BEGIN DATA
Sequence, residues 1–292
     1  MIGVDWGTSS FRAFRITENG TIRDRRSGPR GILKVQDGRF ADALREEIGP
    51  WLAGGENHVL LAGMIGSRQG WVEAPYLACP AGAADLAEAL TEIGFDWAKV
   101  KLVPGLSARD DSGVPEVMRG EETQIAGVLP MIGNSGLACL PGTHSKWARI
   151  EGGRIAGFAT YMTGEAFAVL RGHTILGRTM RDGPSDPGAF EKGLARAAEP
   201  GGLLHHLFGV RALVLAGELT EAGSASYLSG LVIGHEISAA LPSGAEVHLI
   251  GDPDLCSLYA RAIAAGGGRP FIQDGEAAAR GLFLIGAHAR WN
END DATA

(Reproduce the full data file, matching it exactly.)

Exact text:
Sequence, residues 1–292
     1  MIGVDWGTSS FRAFRITENG TIRDRRSGPR GILKVQDGRF ADALREEIGP
    51  WLAGGENHVL LAGMIGSRQG WVEAPYLACP AGAADLAEAL TEIGFDWAKV
   101  KLVPGLSARD DSGVPEVMRG EETQIAGVLP MIGNSGLACL PGTHSKWARI
   151  EGGRIAGFAT YMTGEAFAVL RGHTILGRTM RDGPSDPGAF EKGLARAAEP
   201  GGLLHHLFGV RALVLAGELT EAGSASYLSG LVIGHEISAA LPSGAEVHLI
   251  GDPDLCSLYA RAIAAGGGRP FIQDGEAAAR GLFLIGAHAR WN